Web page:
So far (no I haven’t “finished” the game, don’t judge) the courses seem just alright.  Asphalt was never a contender for most interesting, realistic, fun courses and this entry really isn’t going to snatch up a nominee for Best Track either.  That isn’t to say the game isn’t fun despite some lackluster courses.  What does break up the stale feeling a bit though are the jumps added to each course.  Yes, there are jumps that send your car flying and you can do tricks and score more nitro, etc. hence why this version is called “Airborne,” although I feel they really could have gone crazier with this game because as is there are only a sprinkling of ramps in each track.  You do get some big air sometimes but it all feels safe, like they wanted it to be a sequel so they couldn’t do anything drastic, but they also wanted a crazy element so they just kind of wafted something new into the air of the games design.  One thing that they did tweak which I believe helps the games flow is that knocking competitors out is way easier to do and is nearly a guarantee with nitro engaged.  This helps the pace of the game because it honestly does feel a little slower than 7 did.

Graphically, depending on the type of device you are playing on, it ranges from pretty good and on par with Asphalt 7, in my opinion to stunning.  But again, that is my opinion and I’m coming from a place that thinks Need for Speed: Underground was absolutely gorgeous.  If you are the type of person that hates lens flares, blurry water-spotted screens, light bloom and speed blur then definitely turn down the graphics to medium or lower as all those things go away on anything other than High.  A couple screenshots to show the differences below:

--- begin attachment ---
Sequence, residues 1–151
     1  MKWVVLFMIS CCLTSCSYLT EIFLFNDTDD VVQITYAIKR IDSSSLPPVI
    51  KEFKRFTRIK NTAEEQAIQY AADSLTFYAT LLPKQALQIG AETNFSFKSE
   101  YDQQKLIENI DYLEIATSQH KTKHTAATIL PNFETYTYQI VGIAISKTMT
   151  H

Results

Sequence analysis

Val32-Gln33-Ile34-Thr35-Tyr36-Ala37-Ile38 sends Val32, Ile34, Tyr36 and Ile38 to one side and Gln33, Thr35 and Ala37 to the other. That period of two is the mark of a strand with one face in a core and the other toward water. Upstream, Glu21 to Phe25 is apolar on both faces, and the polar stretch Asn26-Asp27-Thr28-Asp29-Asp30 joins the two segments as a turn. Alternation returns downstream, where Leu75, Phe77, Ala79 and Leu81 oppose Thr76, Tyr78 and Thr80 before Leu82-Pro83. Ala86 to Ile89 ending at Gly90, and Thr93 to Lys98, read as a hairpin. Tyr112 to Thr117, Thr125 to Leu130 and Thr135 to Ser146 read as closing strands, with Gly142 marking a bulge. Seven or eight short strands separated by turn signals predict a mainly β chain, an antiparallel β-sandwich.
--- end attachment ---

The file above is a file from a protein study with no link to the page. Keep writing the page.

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Visual Setting = Very Low

Visual Setting = High

As you can see, the difference is stark but not horrifying.  The game simply removes all the extras yet maintains texture quality and polygon count.  So while that would likely speed up slightly older phones it isn’t going to allow something like the EVO 4G to run it, which it can’t I tried.  To give an idea of how it ran for me I have an HTC One that has a 4-core chip, 2GB RAM and a decent GPU built in and the game wasn’t completely smooth while playing in High setting.  I do, however, have a custom ROM and kernel installed and when I opted to overclock the GPU and CPU a little bit it became pretty smooth on High.  But on high I love the look;  Super high contrasts, blown out blooms, slick, glistening street tops.  I really like the look of this game and think Gameloft did admirably with getting it to run well and still look great.  It’s also impressive that the load-times are in check and not exaggerated.

A couple things that actually aren’t as impressive in this release are the crashes, which are pretty lackluster when compared to A7 and the knockouts of other racers which again doesn’t have that same “oomph” as they once had.  Not a big deal, but it’s interesting that one of the images that Gameloft is using to sell the game on the Play Store says in big letters “Realistic crashes and car damage” and I have not seen either of those yet.